For though through many straits, and lands I roame, I launch at paradise, and I sail toward home; John Donne, "The Progress of the Soul"
Then the most beloved Son of God, Christ, descending on earth shall lead thy father Adam to Paradise to the tree of mercy.
The Books of Adam and Eve (in the Pseudepigrapha) 42:5
WHETHER THOMAS meant the tenth sonnet to be a temporary pause or a full stop, we cannot know. He himself, as we have seen, described the religious sonnets as the "first passage of. . . a very long poem"; and a note in Twenty-five Poems described the sonnets as a poem which "contains the first ten sections of a work in progress."1 The tenth sonnet takes us beyond the narrative content of the first nine sonnets in the same way that the books of the Acts of the Apostles and Revelation take us beyond the narrative theme of the synoptic Gospels.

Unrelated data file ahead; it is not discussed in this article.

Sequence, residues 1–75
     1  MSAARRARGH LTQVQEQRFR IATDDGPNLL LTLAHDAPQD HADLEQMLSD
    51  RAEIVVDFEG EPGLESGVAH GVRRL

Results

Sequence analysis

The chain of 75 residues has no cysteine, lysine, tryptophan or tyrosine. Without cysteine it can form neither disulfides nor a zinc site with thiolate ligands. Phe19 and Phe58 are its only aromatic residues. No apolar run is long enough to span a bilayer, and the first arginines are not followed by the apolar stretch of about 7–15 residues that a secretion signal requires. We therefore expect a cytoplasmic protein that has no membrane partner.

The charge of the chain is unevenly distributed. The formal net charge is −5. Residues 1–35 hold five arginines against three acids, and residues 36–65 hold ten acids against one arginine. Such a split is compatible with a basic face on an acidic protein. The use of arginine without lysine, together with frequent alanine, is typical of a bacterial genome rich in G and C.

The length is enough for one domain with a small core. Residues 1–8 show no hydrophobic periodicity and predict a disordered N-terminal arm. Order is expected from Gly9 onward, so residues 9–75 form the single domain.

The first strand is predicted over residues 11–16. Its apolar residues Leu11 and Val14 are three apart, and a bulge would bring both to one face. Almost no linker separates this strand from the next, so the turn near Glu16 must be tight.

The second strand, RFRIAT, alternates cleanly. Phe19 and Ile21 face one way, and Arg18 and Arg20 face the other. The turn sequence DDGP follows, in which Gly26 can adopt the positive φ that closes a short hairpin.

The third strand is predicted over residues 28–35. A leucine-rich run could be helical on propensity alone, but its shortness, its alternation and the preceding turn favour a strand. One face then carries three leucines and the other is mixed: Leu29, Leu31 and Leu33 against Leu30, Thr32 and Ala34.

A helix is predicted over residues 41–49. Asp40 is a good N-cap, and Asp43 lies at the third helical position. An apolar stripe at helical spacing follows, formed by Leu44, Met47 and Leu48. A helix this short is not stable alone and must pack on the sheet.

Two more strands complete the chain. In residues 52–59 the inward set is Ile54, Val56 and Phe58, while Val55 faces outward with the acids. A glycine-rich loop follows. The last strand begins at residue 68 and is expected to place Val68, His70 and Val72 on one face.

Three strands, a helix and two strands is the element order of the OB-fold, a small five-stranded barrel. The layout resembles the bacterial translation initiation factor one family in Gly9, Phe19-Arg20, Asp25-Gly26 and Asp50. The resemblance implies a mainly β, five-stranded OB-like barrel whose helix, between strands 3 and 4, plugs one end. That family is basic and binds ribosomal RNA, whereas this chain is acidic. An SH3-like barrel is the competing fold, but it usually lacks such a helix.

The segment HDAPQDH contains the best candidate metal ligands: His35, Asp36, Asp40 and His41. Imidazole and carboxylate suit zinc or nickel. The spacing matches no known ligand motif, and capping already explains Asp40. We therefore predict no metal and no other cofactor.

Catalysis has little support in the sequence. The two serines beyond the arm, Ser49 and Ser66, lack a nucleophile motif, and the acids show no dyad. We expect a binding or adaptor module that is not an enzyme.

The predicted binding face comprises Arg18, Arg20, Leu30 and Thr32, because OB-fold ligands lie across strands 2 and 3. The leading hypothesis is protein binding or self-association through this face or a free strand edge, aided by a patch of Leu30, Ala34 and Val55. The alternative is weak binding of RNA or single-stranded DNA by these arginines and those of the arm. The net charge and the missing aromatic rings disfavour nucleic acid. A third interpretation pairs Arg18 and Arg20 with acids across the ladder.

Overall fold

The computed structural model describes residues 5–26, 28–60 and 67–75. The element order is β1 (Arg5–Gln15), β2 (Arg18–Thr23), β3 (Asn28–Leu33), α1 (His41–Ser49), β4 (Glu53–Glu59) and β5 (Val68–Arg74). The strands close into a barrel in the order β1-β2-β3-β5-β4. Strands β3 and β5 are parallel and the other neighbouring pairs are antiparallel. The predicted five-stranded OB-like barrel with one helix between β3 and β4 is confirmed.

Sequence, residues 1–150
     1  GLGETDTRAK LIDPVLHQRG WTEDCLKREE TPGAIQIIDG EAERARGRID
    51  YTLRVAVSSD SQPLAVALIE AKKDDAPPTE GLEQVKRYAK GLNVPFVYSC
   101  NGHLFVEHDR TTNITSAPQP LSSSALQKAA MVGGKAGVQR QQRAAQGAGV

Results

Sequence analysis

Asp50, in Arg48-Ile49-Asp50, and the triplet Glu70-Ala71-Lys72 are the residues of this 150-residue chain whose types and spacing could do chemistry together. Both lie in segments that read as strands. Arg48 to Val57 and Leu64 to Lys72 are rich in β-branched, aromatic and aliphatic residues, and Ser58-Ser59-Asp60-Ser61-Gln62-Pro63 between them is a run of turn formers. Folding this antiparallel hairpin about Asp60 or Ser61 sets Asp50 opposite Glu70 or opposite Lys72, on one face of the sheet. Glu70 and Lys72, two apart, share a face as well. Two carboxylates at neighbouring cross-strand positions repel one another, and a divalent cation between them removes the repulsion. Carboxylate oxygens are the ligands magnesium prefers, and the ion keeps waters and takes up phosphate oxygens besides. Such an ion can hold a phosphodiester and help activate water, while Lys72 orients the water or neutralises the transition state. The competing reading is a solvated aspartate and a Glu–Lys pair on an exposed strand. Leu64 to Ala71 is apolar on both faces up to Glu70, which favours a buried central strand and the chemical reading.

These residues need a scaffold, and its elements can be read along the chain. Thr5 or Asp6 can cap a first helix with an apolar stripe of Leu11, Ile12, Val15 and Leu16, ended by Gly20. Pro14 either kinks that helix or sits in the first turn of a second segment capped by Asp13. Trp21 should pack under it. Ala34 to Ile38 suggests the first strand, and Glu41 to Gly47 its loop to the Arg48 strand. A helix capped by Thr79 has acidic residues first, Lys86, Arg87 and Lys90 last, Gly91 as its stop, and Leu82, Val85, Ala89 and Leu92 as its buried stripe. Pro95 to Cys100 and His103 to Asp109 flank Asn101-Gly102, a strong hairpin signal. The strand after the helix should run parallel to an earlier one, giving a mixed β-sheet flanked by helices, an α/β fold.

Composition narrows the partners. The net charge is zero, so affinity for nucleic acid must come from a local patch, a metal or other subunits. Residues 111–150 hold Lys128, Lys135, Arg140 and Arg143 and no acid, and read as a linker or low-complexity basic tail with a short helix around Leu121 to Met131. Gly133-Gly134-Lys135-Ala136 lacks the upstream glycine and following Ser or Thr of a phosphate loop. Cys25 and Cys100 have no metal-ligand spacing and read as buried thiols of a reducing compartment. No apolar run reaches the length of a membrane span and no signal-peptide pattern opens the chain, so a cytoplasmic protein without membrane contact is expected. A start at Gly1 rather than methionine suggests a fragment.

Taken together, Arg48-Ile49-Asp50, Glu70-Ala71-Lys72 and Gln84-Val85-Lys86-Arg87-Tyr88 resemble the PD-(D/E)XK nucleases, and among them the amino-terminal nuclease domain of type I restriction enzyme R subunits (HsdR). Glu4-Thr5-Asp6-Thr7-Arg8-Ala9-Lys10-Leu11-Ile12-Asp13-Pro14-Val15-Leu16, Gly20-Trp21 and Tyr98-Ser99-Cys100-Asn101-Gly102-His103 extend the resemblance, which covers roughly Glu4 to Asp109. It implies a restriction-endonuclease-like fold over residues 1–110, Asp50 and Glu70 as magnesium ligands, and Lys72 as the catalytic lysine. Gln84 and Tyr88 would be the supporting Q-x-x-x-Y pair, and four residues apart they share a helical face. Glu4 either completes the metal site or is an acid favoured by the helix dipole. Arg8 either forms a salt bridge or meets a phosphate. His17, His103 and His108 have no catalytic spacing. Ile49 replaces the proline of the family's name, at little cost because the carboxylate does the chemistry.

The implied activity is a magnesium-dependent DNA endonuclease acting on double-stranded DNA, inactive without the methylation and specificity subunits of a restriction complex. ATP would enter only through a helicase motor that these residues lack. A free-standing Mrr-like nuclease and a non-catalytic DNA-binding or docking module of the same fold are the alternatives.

There is a suspension of the laws of nature and of syntax in the tenth sonnet. Ubiquitous pronouns lurk mysteriously with no antecedents to give them ancestry; yet subjects seem to belong to verbs, and possessive pronouns are attracted to nouns. Bodies of water are unreal; yet they are defined Hydrographically as bay, chan